A plea for civility in the law, politics and our everyday lives
Mid-winter is approaching, with our various seasonal celebrations: Christmas, Kwanzaa, Hanukkah, Winter Solstice, and maybe even Festivus? We celebrate our religious and / or ethnic affiliations; we celebrate the return of the sun for longer periods of time each day; we celebrate family and friendship.
Can we also celebrate our basic human rights, getting along well with each other, appreciating our points of agreement, while working around the inevitable points of disagreement with courtesy and respect? Can we articulate our reasons for disagreeing on issues, without degenerating into boorish and irrelevant personal attacks and insults? We enjoy freedom of speech, within certain limits set by law. But there's an old expression that goes something like this: It's a poor citizen who lives by the law. Translation: a person whose behaviour isn't quite illegal or actionable in court may not be a criminal, but might be a sleaze-bag or obnoxious jerk instead. Not a good citizen. Not someone most people would want as a neighbour, boss or co-worker. Don't be that person, please.
Fundamental rights colliding?
There are times when our various rights and freedoms seem to collide. Freedom of speech can butt heads with our right to live free from oppression by hateful speech or defamation from others. Freedom of association can be limited by anti-discrimination laws. Where do we draw those lines?
One case: a rude and disruptive lawyer
Recently, a well-known lawyer in Ontario has run up against a few professional requirements and is conducting two separate battles against them. He is fighting for a right to behave with as much "incivility" and disruptiveness as he likes in court. He was disciplined by his province's law society for violating the professional code of conduct by his rude and disruptive behaviour during a trial, and has appealed the sanctions imposed. That battle is going all the way to the Supreme Court of Canada (SCC).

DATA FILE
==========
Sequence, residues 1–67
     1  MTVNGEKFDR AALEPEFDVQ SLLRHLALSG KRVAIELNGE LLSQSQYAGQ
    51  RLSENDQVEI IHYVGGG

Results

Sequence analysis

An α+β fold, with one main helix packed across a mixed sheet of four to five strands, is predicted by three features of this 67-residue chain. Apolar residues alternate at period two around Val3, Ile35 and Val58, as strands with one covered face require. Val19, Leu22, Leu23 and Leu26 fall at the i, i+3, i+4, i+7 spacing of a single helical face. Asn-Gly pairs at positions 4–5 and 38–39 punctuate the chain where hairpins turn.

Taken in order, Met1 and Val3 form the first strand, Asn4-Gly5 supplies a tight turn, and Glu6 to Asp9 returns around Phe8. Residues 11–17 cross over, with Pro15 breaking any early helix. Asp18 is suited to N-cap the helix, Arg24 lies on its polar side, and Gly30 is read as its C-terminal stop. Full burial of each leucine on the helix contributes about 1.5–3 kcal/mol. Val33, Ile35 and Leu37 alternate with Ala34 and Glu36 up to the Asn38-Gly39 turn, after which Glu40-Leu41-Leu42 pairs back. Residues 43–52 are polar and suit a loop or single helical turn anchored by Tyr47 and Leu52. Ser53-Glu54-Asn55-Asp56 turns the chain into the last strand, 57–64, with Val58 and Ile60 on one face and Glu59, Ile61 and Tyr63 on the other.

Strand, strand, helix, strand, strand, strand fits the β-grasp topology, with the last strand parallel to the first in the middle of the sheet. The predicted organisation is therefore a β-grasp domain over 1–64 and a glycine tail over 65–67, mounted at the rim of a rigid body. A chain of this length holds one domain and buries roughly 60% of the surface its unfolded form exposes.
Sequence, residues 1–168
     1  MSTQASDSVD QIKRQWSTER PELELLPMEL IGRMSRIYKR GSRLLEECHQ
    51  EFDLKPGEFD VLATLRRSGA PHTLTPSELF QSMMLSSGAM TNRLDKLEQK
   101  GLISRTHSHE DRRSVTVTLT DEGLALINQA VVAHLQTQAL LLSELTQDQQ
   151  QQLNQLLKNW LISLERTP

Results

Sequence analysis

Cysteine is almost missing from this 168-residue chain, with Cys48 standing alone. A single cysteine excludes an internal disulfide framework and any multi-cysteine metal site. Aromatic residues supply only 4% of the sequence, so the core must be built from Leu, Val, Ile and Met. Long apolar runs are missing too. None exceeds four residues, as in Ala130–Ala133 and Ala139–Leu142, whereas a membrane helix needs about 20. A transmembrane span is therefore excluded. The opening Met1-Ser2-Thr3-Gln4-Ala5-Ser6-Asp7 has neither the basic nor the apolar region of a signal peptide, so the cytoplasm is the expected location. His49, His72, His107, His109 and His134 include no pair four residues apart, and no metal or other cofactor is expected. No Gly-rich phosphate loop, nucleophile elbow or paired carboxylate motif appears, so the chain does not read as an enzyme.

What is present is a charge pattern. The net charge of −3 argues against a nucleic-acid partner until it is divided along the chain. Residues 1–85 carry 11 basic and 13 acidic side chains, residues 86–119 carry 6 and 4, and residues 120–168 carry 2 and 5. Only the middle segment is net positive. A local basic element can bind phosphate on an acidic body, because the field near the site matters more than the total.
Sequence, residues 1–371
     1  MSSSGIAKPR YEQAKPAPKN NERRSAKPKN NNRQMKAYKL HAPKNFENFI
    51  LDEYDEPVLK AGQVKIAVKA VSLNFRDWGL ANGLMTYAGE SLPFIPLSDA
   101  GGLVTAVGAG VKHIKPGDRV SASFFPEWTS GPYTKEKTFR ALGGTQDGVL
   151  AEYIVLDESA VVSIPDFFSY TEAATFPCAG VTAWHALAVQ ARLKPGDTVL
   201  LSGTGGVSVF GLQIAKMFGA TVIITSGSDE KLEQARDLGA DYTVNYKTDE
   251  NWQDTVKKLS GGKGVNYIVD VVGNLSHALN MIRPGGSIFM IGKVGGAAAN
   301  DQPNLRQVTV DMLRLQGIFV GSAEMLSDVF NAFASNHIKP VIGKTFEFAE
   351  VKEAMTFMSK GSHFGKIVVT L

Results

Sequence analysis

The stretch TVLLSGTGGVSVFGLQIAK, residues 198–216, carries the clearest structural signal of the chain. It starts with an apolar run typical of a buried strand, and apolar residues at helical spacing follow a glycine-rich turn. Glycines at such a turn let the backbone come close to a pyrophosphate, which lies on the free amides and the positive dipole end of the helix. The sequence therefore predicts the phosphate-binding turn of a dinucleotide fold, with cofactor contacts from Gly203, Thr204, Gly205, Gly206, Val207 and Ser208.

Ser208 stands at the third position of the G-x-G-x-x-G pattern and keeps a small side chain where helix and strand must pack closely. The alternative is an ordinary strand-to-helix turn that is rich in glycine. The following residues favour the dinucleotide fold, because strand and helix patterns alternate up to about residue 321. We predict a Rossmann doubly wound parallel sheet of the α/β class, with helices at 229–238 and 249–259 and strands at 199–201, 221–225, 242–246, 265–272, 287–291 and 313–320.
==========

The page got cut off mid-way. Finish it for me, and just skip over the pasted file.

And a "conscientious objector" to promoting human rights: bigotry in the workplace as a matter of conscience?
His second battle was for a right to refuse to sign a declaration that he will adopt and abide by a required statement of principles. He wanted "conscientious objector" status to exempt him and any others who do not want to be bound by any obligation to "promote equality, diversity and inclusion." He introduced a motion to that effect that was discussed and voted upon by his law society this month; his law society ruled against him, in a 38 to 16 vote.
The Benchers of the Law Society of Upper Canada form the governing body for Ontario lawyers and paralegals. The rude and disruptive lawyer is actually one of them, but is still subject to decisions of the majority. By majority vote this fall, the law society introduced the requirement that all Ontario lawyers and paralegals sign and abide by the statement of principles, in an attempt to reduce the barriers to employment ― and hassles in the workplace ― faced by people who are members of groups subject to discrimination. Immediately, the requirement was attacked by some legal scholars and lawyers who said that it tries to impose beliefs on lawyers and is contrary to the Charter.
Not beliefs, just actions
Others point out that it doesn't attempt to impose beliefs, just a standard of conduct that all lawyers ought to be more than willing to uphold. Ontario Bencher Raj Anand says the words in the statement merely emphasize obligations that are already in place under the Human Rights Code and the law society’s Rules of Professional Conduct, which say that lawyers have a “special responsibility” to advance equality.
The president of the Ontario Bar Association, Ross Quinn, stated that equality, diversity and inclusion are "fundamental to the future of the profession."
"Incivility" and our courts